Limitations

Since DPoRT users will consist of employees at health-related organizations, some participants may not feel comfortable revealing sensitive information related to their experiences with DPoRT, the training workshop, and the ongoing KB team support. In an effort to enhance participant confidence, letters of information will be provided to explain the measures that the KB team will take to protect confidentiality. For example, identifiable information will be stripped from transcripts, and interviews will be conducted in private rooms. Surveys and observational notes will not record identifiable information.

Additionally, given that implementation process-related data will be collected several months following the establishment of partnerships and training workshops, recall bias may limit the accuracy of DPoRT users’ descriptions of the implementation process. However, the use of multiple sites, and data sources (i.e., triangulation) should mitigate the potential for recall bias [50].

Discussion

DPoRT can be used to inform diabetes prevention strategies and support local decision making and planning. In this protocol, we propose a novel IKT approach to partner with local and provincial public health decision makers in two provinces to facilitate the uptake of this innovation. This project directly addresses the application of a novel decision-support tool and evaluates the effectiveness of this adapted KtoA process in multiple health-related settings in Canada. As a result of this project, several health organizations will have the capacity to run DPoRT and incorporate it into their surveillance activities and to forecast the effects of prevention for both health systems (forecasting future medical needs and expenses) and health planning (forecasting future disease burden and estimates of the effects of diabetes prevention). This project features a unique modification of the conventional KB strategy (a KB team approach), which will be examined as part of the evaluation. Our novel application of the KtoA framework (the application of a tool versus previously generated knowledge), and our evaluation of this strategy will be useful to others designing or evaluating KT strategies, particularly on the application of decision support tools, which are gaining popularity. The ultimate goal of DPoRT utilization would be to impact health outcomes, specifically diabetes incidence, as well as the consequences of diabetes, including cardiovascular disease, stroke, kidney disease, etc. Both diabetes and its consequent comorbidities may be reduced by the provision of more effective and efficient programs informed by DPoRT outputs. Importantly, this research will offer insights and lessons learned about the contemporary phenomenon of KT strategies to support uptake and application of population-based risk assessment tools for informing decision making regarding prevention strategies that can be used by other health-related settings interested in pursuing similar efforts.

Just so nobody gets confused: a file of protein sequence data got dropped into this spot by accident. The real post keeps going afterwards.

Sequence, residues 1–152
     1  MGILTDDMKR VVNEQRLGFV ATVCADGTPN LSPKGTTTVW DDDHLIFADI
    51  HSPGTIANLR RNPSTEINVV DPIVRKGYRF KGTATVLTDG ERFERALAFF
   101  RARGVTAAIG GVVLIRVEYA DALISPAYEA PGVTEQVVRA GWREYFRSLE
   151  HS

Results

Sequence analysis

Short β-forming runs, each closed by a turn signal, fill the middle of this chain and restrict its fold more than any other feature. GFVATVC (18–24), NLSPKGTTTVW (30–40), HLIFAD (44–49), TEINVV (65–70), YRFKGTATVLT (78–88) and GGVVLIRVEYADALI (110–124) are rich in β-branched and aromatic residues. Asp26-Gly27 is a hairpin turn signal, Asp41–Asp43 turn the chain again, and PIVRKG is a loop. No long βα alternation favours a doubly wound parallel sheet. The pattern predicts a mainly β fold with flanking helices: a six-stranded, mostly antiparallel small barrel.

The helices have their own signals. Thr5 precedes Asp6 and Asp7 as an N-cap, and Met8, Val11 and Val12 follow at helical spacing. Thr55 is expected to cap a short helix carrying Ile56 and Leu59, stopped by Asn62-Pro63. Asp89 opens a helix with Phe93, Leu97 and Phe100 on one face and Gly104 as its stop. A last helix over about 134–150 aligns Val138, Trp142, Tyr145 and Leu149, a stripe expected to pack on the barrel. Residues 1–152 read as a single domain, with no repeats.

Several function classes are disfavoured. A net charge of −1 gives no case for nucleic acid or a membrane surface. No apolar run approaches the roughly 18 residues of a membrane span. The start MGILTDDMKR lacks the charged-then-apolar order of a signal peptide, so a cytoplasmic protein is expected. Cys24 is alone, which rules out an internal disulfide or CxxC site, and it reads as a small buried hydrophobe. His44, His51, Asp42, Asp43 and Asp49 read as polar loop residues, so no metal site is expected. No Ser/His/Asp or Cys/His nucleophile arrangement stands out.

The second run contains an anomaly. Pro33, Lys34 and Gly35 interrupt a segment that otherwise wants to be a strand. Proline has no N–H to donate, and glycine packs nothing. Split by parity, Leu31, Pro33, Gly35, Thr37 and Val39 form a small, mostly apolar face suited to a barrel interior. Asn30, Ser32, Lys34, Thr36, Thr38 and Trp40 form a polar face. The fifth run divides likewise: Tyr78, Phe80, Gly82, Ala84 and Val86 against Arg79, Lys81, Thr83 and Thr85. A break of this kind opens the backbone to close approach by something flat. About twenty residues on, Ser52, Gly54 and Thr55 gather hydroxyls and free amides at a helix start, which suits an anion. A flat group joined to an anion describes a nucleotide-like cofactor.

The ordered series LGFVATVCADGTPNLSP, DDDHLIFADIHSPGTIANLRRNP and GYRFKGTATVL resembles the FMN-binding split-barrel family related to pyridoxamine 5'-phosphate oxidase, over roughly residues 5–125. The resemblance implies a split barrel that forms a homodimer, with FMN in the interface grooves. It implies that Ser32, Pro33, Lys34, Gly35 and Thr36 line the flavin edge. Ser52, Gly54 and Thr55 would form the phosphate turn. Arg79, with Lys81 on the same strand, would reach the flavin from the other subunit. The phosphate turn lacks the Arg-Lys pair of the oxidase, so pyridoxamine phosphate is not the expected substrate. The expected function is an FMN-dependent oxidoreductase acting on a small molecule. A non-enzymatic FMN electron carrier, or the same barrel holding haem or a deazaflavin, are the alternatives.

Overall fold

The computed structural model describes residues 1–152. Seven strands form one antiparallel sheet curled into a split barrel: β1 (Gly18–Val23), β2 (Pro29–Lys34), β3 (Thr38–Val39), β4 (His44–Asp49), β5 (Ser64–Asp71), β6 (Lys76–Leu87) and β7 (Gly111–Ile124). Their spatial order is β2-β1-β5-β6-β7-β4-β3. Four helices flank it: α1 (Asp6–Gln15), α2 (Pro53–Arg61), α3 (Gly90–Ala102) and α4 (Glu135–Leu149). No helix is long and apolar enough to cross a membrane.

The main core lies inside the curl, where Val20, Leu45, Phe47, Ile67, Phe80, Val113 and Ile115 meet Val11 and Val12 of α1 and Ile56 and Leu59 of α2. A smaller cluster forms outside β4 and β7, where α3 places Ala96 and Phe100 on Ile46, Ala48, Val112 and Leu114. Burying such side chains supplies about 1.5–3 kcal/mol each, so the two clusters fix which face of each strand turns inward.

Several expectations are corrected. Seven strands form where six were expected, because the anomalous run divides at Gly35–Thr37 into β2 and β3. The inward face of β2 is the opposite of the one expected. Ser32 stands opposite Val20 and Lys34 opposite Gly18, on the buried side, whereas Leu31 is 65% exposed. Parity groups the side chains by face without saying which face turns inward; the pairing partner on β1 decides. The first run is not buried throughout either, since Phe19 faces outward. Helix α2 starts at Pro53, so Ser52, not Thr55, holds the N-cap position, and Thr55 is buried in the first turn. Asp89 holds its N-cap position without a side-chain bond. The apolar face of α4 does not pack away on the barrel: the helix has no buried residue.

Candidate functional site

Abbreviations

AAR: 

After action review

CCHS: 

Canadian community health survey

CDP-HL: 

Chronic disease prevention – healthy living

CDPI: 

Chronic disease prevention initiative

DPoRT: 

Diabetes population risk tool

KB team: 

Knowledge brokering team

KtoA: 

Knowledge to action

KT: 

Knowledge translation

IKT: 

Integrated knowledge translation

MCPH: 

Manitoba centre for health policy

NTK: 

Need to know (team)

OMRU: 

Ottawa model of research use

PHO: 

Public health Ontario

PSAT: 

Partnership self-assessment tool

RHA: 

Regional health authority.

Declarations

Acknowledgements

The authors wish to acknowledge the Canadian Institutes of Health Research for their support of this research program (KAL-129895). PM would like to acknowledge her CIHR/PHAC Applied Public Health Chair funding (2008-2014).

Authors’ Affiliations

(1)
Public Health Ontario, Santé publique Ontario
(2)
Dalla Lana School of Public Health, University of Toronto
(3)
Institute for Clinical Evaluative Sciences (ICES)
(4)
McMaster Evidence Review and Synthesis Centre, School of Nursing, McMaster University Faculty of Health Sciences
(5)
Department of Community Health Sciences, Faculty of Medicine, University of Manitoba
(6)
Provincial Drugs Program, Manitoba Health
(7)
Simcoe Muskoka District Health Unit
(8)
Region of Peel Health Services, Peel Public Health